The Reds have officially struck a one-year deal with reliever Drew Storen, as MLB.com’s Mark Sheldon first reported (via Twitter), making him the first player the organization has signed to a major league deal this winter. It’s a one-year, $3MM major-league deal for the veteran righty, per Jon Heyman of FanRag Sports (Twitter links).
Storen, a client of CAA Sports, can earn an additional $1.5MM via incentives. He’ll receive $50K apiece upon appearing in 15, 20, and 25 games, plus another $100K upon reaching 10, 15, 20, 25, and 30 games finished. He’ll also receive a $500K assignment bonus in the event he’s traded.
As Steve Adams and I recently discussed, Cincinnati seemed primed to add an experienced, late-inning arm to its bullpen mix. Storen, in particular, appeared to be an interesting fit given his relative youth and high-quality performance in the not-so-distant past.
Now that he’s slotted into the Reds’ late-inning mix, Storen figures to have a strong shot at returning to the closer’s role he once held with the Nationals. For now, Jason Martinez of MLBTR and Roster Resource is penciling him into a setup spot behind Raisel Iglesias.
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Utilizing the experienced Storen in the ninth would have some side benefits, though. He’d keep Iglesias and fellow youngster Michael Lorenzen free for more flexible, multi-inning stints, and by being the one to accumulate saves would tamp down their future arbitration earnings. Either way, he may end up turning into a summer trade chip, depending upon how things go both for Storen and his new team.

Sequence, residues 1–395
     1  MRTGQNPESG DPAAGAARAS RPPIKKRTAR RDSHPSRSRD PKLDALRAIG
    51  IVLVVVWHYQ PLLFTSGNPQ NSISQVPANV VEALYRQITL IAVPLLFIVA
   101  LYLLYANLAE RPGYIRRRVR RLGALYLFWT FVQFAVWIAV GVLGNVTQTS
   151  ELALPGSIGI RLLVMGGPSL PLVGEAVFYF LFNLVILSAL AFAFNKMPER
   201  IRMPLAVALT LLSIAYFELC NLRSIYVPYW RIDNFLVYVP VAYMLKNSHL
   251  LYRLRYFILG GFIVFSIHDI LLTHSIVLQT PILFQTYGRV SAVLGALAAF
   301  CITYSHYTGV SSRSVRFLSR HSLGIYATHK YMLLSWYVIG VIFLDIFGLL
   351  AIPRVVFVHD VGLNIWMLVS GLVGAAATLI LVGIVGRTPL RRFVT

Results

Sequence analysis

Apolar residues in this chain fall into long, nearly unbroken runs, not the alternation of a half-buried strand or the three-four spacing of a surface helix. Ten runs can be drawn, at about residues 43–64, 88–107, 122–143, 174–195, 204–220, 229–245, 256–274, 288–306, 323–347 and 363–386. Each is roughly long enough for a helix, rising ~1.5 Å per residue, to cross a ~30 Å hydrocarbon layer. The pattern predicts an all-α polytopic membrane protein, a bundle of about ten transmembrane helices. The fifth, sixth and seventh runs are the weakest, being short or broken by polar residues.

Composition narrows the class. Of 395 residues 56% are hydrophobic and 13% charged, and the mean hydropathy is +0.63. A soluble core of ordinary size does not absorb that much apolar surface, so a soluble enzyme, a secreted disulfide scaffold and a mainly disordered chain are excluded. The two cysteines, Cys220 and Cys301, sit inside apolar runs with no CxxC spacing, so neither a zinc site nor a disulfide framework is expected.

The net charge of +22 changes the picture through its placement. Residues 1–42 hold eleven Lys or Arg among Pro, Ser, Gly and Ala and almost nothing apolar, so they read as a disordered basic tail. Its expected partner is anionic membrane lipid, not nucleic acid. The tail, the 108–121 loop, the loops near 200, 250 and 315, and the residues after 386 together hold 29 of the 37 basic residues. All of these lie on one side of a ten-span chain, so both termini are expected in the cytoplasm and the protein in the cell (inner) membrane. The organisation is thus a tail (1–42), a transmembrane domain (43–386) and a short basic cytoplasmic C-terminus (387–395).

Of course, there’s a reason that the 29-year-old was available on just a one-year commitment. His 2016 season represented a significant departure from his prior years’ work, as Storen scuffled to a 5.23 ERA over 51 2/3 frames split between the Blue Jays and Mariners. Declining fastball velocity (92.3 mph average, down from 94.1 mph in 2015) and elevated home-run tallies (six in 33 1/3 innings with the Jays) were just two of the major problems that arose.
Storen ended up being designated for assignment by Toronto and ultimately swapped in a change-of-scenery deal for Joaquin Benoit. He did pick up the pace upon the move to Seattle, allowing seven earned runs on just 13 hits, three walks, and one home run over 18 1/3 innings. But Storen ultimately hit the DL with shoulder inflammation, adding to the concern about his near-term outlook.
While there’s obviously some cause for concern, Cinci isn’t taking much of a gamble here and has much to gain. Storen racked up a career-best 11.0 K/9 in 2015, and metrics suggested he was unlucky to end that year with a 3.44 ERA. In the season prior, he ran up a 1.12 ERA by allowing just 44 hits and 11 walks over his 55 strong innings. Despite his loss of velocity in his most recent campaign, he did manage to maintain his swinging-strike rate, which provides some additional cause for optimism. If he can return to anything approaching his prior form, Storen would represent a screaming value for a Reds organization that trotted out a historically bad bullpen in 2016.
Photo courtesy of USA Today Sports Images.